On Tuesday, Antony Mrima, High Court Judge, repealed the measure because of the accusations made by a businessman who termed the directive "tyrannical" and noted it as a gross violation of the constitution.
The directive has been criticized as discriminatory by Human Rights Watch (HRW) and campaigners, which called on the government to abandon the plan, which requires as well proof of full vaccination. "While the government has an obligation to protect its people from serious public health threats, the measures must be reasonable and proportional," HRW declared on Tuesday.
"Requiring proof of vaccination to access public services may act as a powerful incentive for people to get vaccinated, but the way it is carried out should also account for the numerous reasons that a person may not be able to receive the vaccine in time," added the rights watchdog.
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The lifting of a nationwide curfew, stated since March 2020, was announced last October by President Uhuru Kenyatta. "It is now time to shift our focus from survival to co-existing with the disease," he stated at the time.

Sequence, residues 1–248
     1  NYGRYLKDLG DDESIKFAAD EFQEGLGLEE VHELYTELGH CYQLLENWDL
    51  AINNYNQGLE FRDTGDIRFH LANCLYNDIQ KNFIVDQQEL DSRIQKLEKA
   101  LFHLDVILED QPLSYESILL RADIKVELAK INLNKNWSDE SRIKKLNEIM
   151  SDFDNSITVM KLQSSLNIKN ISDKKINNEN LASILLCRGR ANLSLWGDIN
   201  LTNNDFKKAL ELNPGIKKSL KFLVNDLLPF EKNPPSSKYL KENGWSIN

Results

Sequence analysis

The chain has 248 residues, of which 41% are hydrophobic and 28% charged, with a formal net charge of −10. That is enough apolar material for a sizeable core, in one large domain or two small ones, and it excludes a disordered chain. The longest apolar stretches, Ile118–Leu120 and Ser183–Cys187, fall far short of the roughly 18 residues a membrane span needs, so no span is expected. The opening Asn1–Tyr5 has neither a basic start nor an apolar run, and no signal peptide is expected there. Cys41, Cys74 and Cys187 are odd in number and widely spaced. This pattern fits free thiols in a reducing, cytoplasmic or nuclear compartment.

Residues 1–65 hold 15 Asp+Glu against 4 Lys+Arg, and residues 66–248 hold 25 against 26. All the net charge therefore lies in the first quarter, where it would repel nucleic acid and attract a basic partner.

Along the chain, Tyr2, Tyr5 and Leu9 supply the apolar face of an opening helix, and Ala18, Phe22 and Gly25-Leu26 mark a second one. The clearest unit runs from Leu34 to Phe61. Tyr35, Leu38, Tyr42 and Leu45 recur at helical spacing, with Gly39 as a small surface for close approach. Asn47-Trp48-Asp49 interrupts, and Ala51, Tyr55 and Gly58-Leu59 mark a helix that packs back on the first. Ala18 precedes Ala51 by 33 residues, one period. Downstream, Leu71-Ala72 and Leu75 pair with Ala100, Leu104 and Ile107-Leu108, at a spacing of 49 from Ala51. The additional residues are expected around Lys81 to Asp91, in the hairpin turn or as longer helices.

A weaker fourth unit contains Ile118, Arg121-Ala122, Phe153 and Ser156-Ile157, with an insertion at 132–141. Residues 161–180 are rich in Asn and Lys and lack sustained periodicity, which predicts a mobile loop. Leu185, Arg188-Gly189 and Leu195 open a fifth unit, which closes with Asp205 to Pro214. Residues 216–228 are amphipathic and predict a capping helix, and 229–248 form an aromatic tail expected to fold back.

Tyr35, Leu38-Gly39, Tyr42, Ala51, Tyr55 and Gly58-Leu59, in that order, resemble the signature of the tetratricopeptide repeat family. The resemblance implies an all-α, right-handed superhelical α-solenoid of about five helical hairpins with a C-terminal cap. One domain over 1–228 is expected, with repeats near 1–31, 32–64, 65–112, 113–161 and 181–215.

Kenya has only 3.2 million people fully vaccinated, representing only 12 percent of the adult population, well under the government target's expectations of 10 million by the end of this year. By December 2022, the government expects to arrive at 27 million people fully vaccinated.
"This is even more critical with the emergence of the Omicron variant. Experts have warned that it is more infectious than previous forms of the virus," Health Minister Mutahi Kagwe said.